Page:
Beyond the two preceding ethical revolutions, the issue of the Amnesty International report, by establishing that Palestinian acts of terrorism (systematic attacks of civilians by armed individuals) proceed from crimes against humanity, implicitly recognize that Israeli military actions belong to a logic of legitimacy, since their aim is to attack organizations that devote themselves to crimes against humanity. This notion of legitimacy of the right (or the duty?) exerted by Israel in utilizing its armed forces in order to protect its inhabitants fundamentally modifies and denounces as manipulation, the constructed image that the French government and media strive to give of the Middle-East war. They present a situation in which Palestinians, subjected to invasion, humiliation and brutalities of the Israeli army, react by spontaneous acts of despair, whereas for Amnesty International, it is a matter of Palestinian war crimes against the Israeli population, to which the Israelis react.

Obviously, the two propositions are irreconcilable, so the French press in general, and Gilles Paris and Le Monde in particular, have made the decision to omit informing the public about this major event — or to mention it in a subsidiary way, as an episode whose meaning and implications are not clarified — simply because it does not fit in with the editorial line that has been followed up until now and which, with no regard whatsoever for public opinion's right to be correctly informed, they intend to continue to follow!

Drawing conclusions in the place of the consumer of current events, guiding these conclusions by the selection of news that he is allowed to know about, proceeds from prerogatives that are arrogant, manipulative and ethically despicable, which originate in Maoist — but also Trotskyist and Gaullian — theories of the didactic utilization of information. In the France of FR2 television, Le Monde and Chirac, the television spectator and reader remain more than ever gullible recipients devoid of rights, that today we would call suckers.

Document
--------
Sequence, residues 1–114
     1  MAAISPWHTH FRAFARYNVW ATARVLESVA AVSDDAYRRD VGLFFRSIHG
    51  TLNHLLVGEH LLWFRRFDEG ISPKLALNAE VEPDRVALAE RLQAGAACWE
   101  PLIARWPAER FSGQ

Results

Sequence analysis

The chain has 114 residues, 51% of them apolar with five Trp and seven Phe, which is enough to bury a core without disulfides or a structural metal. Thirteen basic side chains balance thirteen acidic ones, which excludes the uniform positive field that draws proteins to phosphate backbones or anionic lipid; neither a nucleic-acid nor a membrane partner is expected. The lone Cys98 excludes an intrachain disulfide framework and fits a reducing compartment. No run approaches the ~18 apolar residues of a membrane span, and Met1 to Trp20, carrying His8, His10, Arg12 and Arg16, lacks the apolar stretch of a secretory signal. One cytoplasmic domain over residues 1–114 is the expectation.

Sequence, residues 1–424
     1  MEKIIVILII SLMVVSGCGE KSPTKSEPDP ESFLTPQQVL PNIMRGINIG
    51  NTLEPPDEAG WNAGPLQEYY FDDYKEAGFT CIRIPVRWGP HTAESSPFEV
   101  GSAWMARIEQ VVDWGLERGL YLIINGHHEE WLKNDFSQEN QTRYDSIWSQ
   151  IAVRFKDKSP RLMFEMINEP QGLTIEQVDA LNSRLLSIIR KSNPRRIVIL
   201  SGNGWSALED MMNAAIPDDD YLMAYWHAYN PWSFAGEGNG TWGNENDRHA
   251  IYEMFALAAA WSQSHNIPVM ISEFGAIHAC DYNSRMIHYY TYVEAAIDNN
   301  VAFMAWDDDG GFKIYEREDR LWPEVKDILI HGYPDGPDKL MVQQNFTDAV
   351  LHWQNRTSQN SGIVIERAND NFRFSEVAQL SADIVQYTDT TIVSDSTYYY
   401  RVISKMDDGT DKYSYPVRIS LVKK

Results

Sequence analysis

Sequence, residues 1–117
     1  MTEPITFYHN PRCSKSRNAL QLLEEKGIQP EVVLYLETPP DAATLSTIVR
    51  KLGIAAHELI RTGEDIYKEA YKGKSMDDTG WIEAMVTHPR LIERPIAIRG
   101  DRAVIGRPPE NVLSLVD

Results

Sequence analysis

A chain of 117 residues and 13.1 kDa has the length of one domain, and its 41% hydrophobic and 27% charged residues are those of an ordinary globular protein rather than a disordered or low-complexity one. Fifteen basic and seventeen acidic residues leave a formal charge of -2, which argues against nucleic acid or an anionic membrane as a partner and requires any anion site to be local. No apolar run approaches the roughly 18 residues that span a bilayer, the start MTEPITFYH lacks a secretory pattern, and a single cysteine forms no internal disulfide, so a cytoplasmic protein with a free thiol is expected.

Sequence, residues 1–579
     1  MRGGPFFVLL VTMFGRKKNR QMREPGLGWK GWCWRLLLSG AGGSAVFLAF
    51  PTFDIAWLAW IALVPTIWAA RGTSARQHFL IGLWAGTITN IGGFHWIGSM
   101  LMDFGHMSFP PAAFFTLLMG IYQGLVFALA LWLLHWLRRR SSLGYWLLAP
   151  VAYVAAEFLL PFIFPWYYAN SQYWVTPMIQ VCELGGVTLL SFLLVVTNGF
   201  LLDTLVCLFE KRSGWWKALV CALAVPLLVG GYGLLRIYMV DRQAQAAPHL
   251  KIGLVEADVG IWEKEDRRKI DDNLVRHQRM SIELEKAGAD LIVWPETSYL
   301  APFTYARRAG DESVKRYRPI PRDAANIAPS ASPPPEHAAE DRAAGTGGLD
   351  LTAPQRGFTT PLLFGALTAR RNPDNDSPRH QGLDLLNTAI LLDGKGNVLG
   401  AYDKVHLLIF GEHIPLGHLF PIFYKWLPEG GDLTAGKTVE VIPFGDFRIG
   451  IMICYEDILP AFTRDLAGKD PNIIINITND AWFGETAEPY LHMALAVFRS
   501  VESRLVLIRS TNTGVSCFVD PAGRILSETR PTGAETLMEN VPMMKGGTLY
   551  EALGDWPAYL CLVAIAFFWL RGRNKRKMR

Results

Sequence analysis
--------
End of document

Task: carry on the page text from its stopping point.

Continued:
This is not Gilles Paris' first attempt at didactic misinformation. He spends his time whitewashing Arafat of all his crimes and denying him any responsibility in the tragedies that the Israeli and Palestinian populations are going through. At the Mena, we also remember that he has never deigned to express the ignominious nature of Palestinian collective assassinations or the unavoidable fact that they are frequently organized by armed Palestinian gangs from Arafat's entourage and that the latter was caught red-handed, financing crimes against humanity. For this reason, the readers of Le Monde, deprived of significant factual bearings, remain ignorant of entire sections of the circumstantial fresco. They are unaware, for example, that the American administration has precisely made the decision to remove Arafat from any future process of negotiation in the Middle-East because they have examined and analyzed the conclusive proof of the involvement of the old Palestinian leader in the organization and financing of Palestinian crimes against humanity. In the eyes of the French suckers, the way things have been arranged, because Gilles Paris and Edwy Plenel have deprived them of elements necessary for the understanding of events, George Bush's decision came out of the blue, it seemed to be dictated by the atavistic naivety of the American government and by its unconditional support for Israeli agressiveness, when it is not — for the racists among them — because it gives in to the dictates of the Jewish lobby in the press and in business.

In Le Monde we find published, by way of intellectual backing, along with the factual misinformation of the Gilles Paris type, the racist scrawlings of Morin, Naïr and Sallenave or those of the trendy left-wingers that lament the Israelis' barbarity, the shameful support of the Americans, and excuse suicide attacks, considered as so many dignified outbursts of the sons against the father's humiliation.

Even the time of dupes and suckers only lasts so long. Even if this time drags on. Only yesterday, Jean Daniel claimed there was a typographical error when his daughter accused Israeli soldiers of raping young Palestinian women ; today, Alain Lipietz asserts — without printing errors, this time — that they rape young Arab boys instead. The political abjectness of Le Monde, Liberation, Le Nouvel Observateur and the manipulators Edwy Plenel, Serge July, Jean Daniel and others will not last forever ; a time of reckoning will inevitably come and a time to consider the habits they bequeath to French society. And, as my cousin says, writings remain, we will have the means to recognize them.